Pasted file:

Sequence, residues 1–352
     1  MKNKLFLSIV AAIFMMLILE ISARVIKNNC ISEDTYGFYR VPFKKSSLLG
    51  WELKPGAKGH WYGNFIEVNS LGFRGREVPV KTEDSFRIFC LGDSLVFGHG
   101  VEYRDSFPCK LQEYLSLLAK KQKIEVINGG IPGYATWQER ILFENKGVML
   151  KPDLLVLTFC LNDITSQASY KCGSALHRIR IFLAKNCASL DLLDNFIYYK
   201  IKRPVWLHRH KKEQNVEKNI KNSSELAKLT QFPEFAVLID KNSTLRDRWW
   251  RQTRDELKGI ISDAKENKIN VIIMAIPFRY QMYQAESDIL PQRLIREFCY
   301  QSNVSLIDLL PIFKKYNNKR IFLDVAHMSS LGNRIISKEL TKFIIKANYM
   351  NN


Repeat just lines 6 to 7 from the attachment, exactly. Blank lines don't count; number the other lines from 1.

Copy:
   201  IKRPVWLHRH KKEQNVEKNI KNSSELAKLT QFPEFAVLID KNSTLRDRWW
   251  RQTRDELKGI ISDAKENKIN VIIMAIPFRY QMYQAESDIL PQRLIREFCY